If you don’t know what nesting is, then you must not have shared a home with a pregnant lady.
Thanks to the effects of estradiol, a type of estrogen, the mother-to-be has this instinct to prepare the home for the arrival of her baby, making the place as comfortable and welcoming as it can be.
But did you know that you can also incorporate nesting into your everyday life? This is according to Verily’s Linsay Schlegel who says that making your home comfortable will boost your well-being.
A Tad Difficult
Doesn’t this seem obvious enough? Indeed, it does – but with the current tend among millennials, it becomes a tad difficult to really personalize where you live.
In truth, the place where most millennials call home is just but a temporary housing option. It could be a dorm room, a rented apartment, or a shared residence.
Whatever it is, the place is definitely not where the individual plans to live forever. They’re only there as they navigate a new milestone in life and for most people, this achievement is usually a new job.
As such, most people would term investing in this space as a poor financial decision. Why pour money into a house you don’t plan on spending the entire year in?
Linsay understands this school of thought, saying that it happened to her and her husband when they were younger.
They were renting out an apartment whose walls were not as inviting as they would have wanted. However, painting them to their color of choice was not an option since they intended to move out soon.
And can you guess what was the first thing they did when they eventually bought a house? Painted its walls, of course!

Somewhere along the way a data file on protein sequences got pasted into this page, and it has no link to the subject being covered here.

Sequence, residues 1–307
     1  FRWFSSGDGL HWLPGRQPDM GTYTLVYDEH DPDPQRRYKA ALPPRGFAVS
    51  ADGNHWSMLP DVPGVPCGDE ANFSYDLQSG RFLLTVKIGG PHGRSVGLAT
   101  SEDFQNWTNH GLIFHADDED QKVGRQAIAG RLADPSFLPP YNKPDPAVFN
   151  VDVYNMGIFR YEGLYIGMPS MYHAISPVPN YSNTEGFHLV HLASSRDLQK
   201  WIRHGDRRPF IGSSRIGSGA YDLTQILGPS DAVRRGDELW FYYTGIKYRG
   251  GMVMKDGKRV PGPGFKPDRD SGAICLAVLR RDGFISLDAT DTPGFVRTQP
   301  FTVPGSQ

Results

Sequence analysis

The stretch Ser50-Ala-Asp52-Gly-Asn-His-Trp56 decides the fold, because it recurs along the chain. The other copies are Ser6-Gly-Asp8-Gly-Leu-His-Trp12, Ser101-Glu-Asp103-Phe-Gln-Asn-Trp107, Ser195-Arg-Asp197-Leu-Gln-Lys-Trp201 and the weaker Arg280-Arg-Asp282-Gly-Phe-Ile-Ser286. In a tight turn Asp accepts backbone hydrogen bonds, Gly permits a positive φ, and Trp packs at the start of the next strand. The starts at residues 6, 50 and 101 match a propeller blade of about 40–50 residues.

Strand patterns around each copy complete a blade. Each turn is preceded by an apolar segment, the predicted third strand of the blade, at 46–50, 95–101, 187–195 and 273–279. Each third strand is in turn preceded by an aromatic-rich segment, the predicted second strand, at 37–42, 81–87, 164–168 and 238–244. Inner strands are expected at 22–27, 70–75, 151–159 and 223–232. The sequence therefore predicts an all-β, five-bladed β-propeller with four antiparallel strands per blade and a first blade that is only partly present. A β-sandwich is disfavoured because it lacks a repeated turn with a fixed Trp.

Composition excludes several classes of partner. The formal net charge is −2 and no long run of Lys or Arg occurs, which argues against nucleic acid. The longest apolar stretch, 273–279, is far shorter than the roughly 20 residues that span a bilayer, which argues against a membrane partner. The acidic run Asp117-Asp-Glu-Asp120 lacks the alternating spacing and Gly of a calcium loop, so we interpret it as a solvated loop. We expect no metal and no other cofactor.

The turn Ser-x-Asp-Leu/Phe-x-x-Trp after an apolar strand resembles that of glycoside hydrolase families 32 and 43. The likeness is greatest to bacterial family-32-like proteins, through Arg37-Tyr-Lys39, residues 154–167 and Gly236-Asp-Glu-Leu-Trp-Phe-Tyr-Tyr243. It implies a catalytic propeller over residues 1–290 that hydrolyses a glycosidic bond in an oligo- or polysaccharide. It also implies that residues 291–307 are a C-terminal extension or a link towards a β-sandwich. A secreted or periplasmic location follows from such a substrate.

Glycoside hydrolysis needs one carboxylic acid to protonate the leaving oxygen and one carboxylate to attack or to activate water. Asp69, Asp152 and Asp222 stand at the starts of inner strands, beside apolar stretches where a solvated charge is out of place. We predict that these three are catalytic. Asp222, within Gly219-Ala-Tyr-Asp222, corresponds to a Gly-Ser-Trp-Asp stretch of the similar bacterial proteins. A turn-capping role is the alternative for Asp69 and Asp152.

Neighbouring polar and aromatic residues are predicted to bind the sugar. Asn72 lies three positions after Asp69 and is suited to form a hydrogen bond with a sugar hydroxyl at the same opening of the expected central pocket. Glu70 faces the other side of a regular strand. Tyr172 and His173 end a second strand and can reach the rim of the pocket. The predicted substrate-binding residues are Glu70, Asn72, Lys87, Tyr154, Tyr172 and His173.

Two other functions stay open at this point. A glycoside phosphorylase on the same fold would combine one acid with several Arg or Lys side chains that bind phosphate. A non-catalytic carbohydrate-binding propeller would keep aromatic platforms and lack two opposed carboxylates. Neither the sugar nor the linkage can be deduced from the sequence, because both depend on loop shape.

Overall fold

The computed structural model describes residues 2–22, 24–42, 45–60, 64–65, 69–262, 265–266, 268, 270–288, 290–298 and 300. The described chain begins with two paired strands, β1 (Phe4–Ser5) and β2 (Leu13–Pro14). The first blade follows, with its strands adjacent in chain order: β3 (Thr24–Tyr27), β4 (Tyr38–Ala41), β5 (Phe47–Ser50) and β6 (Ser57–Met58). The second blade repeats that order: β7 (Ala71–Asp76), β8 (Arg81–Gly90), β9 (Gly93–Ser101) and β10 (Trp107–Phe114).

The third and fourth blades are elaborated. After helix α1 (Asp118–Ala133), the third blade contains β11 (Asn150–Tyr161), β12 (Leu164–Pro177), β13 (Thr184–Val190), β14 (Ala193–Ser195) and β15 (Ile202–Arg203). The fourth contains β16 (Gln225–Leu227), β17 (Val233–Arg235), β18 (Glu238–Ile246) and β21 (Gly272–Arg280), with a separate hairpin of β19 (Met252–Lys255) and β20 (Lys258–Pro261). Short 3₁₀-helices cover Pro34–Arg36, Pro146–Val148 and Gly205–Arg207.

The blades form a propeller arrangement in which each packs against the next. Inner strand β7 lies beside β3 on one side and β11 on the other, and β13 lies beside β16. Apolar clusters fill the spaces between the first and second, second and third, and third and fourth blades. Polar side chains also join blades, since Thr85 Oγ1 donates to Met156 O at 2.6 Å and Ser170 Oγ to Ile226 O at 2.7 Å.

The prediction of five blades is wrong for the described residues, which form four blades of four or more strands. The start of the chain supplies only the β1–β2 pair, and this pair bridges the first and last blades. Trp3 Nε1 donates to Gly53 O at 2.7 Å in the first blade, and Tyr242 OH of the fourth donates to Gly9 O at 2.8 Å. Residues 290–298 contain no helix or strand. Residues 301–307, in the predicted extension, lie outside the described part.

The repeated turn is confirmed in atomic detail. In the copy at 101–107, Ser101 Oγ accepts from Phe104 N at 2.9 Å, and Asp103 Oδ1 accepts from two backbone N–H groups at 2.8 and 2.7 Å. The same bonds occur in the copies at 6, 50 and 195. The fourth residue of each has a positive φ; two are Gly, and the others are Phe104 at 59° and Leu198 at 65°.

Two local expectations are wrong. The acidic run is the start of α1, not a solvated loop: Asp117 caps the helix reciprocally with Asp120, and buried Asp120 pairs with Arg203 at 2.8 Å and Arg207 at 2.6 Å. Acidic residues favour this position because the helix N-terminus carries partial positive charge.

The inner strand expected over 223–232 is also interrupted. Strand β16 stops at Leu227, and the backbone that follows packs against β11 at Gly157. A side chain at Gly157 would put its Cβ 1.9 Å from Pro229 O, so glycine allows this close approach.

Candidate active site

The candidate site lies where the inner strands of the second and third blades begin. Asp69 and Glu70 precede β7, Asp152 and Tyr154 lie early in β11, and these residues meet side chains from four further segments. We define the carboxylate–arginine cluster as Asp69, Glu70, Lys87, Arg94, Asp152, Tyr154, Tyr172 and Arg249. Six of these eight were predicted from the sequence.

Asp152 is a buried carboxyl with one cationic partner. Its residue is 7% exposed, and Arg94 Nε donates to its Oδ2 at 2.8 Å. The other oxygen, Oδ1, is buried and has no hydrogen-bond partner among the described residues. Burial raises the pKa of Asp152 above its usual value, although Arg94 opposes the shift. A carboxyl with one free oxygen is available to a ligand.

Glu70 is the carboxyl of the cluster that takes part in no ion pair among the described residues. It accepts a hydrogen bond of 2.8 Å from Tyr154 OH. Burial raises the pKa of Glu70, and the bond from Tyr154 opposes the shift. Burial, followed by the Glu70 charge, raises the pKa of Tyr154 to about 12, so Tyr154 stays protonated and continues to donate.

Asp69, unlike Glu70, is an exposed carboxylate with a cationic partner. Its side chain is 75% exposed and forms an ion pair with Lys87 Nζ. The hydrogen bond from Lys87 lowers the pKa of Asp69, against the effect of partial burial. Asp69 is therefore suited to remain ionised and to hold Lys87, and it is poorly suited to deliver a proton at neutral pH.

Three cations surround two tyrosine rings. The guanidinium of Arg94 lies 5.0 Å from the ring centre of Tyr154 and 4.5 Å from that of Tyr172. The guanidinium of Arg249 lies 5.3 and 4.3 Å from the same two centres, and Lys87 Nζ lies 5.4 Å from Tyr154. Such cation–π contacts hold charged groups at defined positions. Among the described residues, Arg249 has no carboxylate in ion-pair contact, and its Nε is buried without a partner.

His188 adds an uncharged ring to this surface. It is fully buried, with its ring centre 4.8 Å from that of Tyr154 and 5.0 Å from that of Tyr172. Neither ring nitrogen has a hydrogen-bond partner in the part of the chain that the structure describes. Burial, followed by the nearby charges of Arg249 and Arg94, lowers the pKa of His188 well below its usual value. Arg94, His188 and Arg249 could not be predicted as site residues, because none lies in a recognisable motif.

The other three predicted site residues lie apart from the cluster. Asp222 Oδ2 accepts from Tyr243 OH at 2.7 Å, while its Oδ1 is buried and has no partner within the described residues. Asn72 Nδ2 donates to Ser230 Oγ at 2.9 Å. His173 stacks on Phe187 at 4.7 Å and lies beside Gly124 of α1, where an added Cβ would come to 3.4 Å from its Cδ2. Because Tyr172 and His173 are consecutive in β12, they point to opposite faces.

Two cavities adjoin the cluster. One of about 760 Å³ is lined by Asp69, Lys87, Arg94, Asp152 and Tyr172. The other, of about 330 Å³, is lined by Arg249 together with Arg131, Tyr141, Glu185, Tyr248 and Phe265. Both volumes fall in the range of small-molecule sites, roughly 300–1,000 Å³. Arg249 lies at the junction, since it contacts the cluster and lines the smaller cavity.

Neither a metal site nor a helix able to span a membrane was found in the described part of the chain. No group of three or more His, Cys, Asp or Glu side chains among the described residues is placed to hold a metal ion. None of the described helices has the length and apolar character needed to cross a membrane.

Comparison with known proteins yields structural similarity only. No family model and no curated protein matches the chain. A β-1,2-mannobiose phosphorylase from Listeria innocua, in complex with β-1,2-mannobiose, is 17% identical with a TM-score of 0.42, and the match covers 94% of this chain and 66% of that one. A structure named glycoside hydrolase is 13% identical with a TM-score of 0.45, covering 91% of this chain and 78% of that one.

In hindsight though, the writer says that they should have gone ahead and revamped their rented apartment.
According to her, you should always feel comfortable in that place you call home regardless of the duration you intend to spend there.
Existing studies support her claim, showing that individuals are more isolated, aggressive, and feel less flexible if they are not comfortable with where they live.
Given these findings, you wouldn’t want to make a bad impression at your new job, would you? As such, take Linsay’s advice and “nest” your temporary home.
As she broadly defines nesting, it is the process of turning your living space into a comfortable place where you feel that you belong and one that offers both emotional and physical stability.
Admittedly, everyone has their own definition of what a home should look like. All the same, we can all agree that the value of being comfortable in that residence remains the same for everyone, right?
Thankfully, Linsay shares some tips on how you can turn that living space into a home. For starters, she says that you should seize the moment and now wait like she and her husband did. Live life every day, and start by revamping your house.
Once you take the initiative, start by decluttering your space. This is particularly important if you’re in a shared residence, then get creative.
You can choose to have a plant in the living room, add removable wallpaper, choose better lighting, anything.